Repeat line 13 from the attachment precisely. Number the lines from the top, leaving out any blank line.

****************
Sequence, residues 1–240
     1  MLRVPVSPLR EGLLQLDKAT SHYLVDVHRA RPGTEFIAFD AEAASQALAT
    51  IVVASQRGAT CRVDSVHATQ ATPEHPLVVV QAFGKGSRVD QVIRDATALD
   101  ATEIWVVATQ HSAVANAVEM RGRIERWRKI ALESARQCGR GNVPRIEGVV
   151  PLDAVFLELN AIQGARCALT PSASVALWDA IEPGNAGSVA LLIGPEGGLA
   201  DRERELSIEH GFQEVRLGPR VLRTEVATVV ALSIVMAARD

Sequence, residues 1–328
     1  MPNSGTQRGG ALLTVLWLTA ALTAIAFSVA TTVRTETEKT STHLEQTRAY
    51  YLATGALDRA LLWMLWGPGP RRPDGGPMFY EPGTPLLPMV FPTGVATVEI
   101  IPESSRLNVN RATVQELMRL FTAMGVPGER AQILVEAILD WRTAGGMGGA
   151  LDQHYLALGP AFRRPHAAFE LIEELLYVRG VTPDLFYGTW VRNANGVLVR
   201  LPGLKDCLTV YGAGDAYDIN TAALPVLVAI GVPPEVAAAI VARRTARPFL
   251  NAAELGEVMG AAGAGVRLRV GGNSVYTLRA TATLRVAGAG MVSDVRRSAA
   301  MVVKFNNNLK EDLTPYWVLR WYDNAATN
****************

   251  NAAELGEVMG AAGAGVRLRV GGNSVYTLRA TATLRVAGAG MVSDVRRSAA